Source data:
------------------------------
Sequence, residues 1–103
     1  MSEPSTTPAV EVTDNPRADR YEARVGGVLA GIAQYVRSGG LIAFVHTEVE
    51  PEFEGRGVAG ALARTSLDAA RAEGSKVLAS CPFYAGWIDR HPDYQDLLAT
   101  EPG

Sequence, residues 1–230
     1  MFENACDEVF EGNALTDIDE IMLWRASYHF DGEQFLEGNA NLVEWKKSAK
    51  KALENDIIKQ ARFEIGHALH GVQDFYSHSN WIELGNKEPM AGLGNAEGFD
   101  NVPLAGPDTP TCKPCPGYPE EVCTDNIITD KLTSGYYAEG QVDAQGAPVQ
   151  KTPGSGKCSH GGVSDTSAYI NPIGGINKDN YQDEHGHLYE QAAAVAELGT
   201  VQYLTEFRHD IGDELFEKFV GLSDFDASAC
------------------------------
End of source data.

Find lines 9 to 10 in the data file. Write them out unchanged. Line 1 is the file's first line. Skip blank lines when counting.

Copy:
   151  KTPGSGKCSH GGVSDTSAYI NPIGGINKDN YQDEHGHLYE QAAAVAELGT
   201  VQYLTEFRHD IGDELFEKFV GLSDFDASAC